Calico is a fabric made from unbleached, and often not fully processed, cotton.
It may contain un separated husk parts. The fabric is less coarse and thick than
canvas or denim, but owing to its unfinished and un dyed appearance, it is still
very cheap. The name Calico is derived from the name of the city of Calicut (Kozhikode)
third largest city in the state of Kerala, India and was part of erstwhile
An extremely heavy-duty fabric used for making sails, tents, marquees, and other
functions where sturdiness is required.
The Cashmere (Kashmir) or down goat. From the fine, soft undercoat or under
layer of hair. The straighter and coarser outer coat is called guard hair. From
the high plateaus of Asia. Today, little is supplied by the Kashmir State of
India, from which its name is derived.
Cloth or fabric is a flexible artificial material made up of a network of
natural or artificial fibres (thread or yarn) formed by weaving or knitting
(textiles), or pressed into felt. Cloth is most often used in the manufacture of
clothing, household furnishings, and art such as tapestry.
A coarse fibre extracted from the fibrous outer shell of a coconut. Brown coir
is used in brushes, doormats, mattresses and sacking. A small amount is also
made into twine. Pads of curled brown coir fibre, made by needle-felting (a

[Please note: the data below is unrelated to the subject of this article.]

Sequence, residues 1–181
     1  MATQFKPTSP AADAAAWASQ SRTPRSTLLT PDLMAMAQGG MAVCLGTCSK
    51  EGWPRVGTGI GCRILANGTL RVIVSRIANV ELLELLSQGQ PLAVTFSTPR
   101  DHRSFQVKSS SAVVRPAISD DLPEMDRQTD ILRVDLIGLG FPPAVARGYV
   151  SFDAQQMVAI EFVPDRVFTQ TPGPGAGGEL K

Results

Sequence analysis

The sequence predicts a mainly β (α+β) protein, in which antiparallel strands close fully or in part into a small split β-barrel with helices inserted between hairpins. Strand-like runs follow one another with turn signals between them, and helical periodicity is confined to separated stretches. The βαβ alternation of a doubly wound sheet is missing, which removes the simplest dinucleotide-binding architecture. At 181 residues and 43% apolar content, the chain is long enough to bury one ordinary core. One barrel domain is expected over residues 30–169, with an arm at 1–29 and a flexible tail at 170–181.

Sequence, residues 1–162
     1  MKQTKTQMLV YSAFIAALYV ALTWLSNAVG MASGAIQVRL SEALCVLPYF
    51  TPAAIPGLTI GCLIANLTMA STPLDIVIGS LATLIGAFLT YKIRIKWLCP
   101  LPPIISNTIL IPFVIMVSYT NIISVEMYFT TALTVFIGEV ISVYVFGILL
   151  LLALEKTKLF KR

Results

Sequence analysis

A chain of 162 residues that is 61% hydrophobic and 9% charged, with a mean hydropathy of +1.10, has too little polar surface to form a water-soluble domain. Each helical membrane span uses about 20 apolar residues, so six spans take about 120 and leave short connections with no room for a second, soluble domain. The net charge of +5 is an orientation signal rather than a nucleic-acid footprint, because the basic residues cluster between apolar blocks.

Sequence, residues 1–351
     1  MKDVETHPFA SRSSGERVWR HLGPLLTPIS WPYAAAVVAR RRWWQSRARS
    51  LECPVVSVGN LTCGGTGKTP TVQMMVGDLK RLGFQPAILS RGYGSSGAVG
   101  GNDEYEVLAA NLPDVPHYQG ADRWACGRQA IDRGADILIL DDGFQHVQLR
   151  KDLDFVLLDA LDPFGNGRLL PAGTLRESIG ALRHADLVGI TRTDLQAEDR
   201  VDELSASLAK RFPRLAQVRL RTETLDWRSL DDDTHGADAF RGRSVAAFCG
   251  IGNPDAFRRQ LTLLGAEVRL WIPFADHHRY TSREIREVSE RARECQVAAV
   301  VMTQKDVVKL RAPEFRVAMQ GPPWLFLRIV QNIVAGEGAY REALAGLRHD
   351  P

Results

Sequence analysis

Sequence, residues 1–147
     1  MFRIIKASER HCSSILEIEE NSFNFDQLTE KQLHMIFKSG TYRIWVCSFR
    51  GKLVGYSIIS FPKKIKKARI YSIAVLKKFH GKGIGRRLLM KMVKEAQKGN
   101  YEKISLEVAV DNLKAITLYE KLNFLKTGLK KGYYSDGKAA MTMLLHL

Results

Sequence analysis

machine technique that mats the fibres together) are shaped and cut to fill
As a fabric, corduroy is considered a durable cloth. Socially, the clothes made
from corduroy are considered casual, and are usually favoured in colder climates
during seasonal periods. Corduroy is most commonly found in the construction of
pants or trousers. The material is also used in the construction of (sport)
jackets and shirts. The width of the cord is commonly referred to as ?wale?; the
size of the wale. The width of the ?wale? makes some uses more common than
others. Wide ?wale? is more commonly found on pants.
A fabric of silk, wool, linen, cotton, or synthetic fibres, with a pattern
formed by weaving. The term originally referred to ornamental silk fabrics from
Damascus, which were elaborately woven in colours, sometimes with the addition
of gold and other metallic threads.
Denotes a rugged cotton twill textile, in which the weft passes under two (twi-